[Show abstract][Hide abstract] ABSTRACT: Use of oral contraceptives with estrogen and hormone replacement therapy with estrogen or testosterone are associated with increased risk of venous thromboembolism (VTE). However, whether endogenous estradiol and testosterone concentrations also associate with risk of VTE is unknown.
We tested the hypothesis that elevated endogenous total estradiol and total testosterone concentrations are associated with increased risk of VTE in the general population.
We studied 4,658 women, not receiving exogenous estrogen, and 4,673 men from the 1981-1983 examination of the Copenhagen City Heart Study, who had estradiol and testosterone concentrations measured. Of these, 636 developed VTE (deep venous thrombosis (DVT) and/or pulmonary embolism (PE)) during a follow-up of 21 years (range: 0.02-32years). Associations between endogenous estradiol and testosterone concentrations and risk of VTE were estimated by Cox proportional hazards regression with time dependent covariates and corrected for regression dilution bias.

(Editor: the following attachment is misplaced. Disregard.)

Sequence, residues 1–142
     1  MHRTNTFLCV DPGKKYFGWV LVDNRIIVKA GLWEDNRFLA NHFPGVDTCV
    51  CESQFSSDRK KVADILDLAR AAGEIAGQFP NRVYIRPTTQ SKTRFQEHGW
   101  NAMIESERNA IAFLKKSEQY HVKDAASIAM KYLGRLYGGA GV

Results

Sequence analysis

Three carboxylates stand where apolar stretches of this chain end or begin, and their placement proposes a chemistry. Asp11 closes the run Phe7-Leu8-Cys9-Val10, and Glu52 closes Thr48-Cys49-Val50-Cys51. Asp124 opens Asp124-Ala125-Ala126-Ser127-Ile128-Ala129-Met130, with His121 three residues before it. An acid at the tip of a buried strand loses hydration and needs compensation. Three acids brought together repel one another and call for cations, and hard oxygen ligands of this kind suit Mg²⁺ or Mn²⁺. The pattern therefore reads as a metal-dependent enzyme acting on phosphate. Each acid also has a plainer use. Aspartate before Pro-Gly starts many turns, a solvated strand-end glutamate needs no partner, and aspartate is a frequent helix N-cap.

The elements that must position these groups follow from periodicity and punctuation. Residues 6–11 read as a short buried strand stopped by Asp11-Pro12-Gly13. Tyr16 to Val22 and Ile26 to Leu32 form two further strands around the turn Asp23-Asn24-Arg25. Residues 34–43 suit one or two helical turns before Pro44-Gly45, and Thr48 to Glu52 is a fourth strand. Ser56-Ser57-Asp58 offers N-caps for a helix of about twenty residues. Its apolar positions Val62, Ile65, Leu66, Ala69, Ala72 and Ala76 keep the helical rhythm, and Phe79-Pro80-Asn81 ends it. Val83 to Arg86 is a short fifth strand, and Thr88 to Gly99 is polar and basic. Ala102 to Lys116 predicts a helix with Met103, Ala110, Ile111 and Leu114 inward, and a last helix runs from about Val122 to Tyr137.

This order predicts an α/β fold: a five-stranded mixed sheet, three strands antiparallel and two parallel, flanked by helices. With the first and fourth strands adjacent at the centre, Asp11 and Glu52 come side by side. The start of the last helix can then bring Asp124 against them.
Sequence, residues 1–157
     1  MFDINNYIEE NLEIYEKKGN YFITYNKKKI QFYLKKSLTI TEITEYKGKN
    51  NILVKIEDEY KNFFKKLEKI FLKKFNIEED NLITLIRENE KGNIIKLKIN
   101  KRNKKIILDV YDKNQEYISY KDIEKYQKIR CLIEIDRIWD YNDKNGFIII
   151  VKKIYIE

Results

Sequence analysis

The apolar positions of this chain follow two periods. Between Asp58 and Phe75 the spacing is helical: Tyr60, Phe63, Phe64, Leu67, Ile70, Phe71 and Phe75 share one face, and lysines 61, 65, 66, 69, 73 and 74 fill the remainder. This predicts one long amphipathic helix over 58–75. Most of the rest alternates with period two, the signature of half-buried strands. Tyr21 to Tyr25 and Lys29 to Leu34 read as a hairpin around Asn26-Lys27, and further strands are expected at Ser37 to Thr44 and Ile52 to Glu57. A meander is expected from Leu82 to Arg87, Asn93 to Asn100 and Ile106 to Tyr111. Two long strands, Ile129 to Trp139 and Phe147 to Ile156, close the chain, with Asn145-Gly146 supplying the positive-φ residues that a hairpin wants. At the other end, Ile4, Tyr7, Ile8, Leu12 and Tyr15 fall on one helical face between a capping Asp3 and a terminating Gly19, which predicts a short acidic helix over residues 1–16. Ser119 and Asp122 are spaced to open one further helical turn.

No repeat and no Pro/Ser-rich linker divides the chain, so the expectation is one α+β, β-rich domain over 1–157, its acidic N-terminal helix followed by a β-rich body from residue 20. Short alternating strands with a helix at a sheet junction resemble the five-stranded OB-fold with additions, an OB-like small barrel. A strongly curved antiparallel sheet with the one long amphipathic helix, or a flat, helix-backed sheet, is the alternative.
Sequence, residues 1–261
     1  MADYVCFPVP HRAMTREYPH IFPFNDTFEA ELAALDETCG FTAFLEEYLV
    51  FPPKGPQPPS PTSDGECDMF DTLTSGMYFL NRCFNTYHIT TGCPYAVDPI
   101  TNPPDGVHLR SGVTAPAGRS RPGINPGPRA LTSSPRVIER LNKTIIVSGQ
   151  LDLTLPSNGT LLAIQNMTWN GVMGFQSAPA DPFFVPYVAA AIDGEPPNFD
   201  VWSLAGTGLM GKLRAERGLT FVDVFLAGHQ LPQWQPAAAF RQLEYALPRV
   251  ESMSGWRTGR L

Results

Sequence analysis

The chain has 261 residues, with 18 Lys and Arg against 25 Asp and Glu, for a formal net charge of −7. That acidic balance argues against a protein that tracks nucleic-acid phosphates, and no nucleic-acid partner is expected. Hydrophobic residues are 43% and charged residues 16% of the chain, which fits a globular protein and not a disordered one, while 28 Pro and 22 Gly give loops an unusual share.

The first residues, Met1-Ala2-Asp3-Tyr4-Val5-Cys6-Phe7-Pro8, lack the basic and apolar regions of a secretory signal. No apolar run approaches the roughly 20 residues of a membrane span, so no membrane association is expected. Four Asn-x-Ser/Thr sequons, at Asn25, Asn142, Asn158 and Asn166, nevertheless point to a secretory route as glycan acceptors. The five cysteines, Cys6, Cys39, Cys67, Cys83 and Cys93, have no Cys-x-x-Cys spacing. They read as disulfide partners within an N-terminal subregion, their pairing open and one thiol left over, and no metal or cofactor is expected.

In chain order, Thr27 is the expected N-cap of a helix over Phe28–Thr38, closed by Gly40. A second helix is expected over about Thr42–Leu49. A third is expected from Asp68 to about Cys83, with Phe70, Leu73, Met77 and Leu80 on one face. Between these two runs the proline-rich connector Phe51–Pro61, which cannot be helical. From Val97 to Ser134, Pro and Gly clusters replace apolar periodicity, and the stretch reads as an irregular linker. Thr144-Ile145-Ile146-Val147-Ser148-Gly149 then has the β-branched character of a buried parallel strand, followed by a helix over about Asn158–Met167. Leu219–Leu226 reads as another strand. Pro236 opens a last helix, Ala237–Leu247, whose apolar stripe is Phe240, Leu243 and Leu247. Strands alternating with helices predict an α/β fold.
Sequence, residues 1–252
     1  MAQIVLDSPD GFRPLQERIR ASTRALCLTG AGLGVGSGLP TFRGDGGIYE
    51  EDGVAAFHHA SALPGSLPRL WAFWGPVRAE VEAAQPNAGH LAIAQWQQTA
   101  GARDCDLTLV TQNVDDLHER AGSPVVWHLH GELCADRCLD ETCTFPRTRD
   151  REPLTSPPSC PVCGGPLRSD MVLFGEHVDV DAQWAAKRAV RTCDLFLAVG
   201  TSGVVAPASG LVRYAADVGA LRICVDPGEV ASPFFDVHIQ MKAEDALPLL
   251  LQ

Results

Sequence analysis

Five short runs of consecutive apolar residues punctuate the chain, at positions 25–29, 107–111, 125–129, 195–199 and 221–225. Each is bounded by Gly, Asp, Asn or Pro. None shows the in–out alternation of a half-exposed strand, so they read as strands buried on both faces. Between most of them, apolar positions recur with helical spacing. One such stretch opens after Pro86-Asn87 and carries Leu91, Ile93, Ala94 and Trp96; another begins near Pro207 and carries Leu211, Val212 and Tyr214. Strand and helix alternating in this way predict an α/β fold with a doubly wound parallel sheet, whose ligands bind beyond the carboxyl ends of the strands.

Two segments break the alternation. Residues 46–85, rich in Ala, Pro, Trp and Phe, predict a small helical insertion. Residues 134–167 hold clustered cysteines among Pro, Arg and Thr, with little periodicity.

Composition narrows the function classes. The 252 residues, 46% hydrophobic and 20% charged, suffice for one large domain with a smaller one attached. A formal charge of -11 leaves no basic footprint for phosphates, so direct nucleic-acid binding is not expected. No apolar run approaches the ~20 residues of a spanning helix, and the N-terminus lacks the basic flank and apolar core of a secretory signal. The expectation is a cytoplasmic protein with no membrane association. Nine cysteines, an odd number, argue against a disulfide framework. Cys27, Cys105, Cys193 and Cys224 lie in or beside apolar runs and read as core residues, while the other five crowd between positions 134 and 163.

Multifactorially adjusted hazard ratios of VTE for individuals with estradiol >75(th) versus ≤25(th) percentile were 0.84(95%CI: 0.25-2.85), 1.05(0.53-2.08), and 1.05(0.03-35.13) for pre-, and post-menopausal women and men, respectively. For testosterone, corresponding risk estimates were 0.64(0.03-12.32), 1.11(0.66-1.86), and 1.30(0.62-2.73). In addition, no associations were observed for extreme hormone percentiles (>95(th) versus ≤75(th) ) and risk of DVT and PE or recurrent VTE.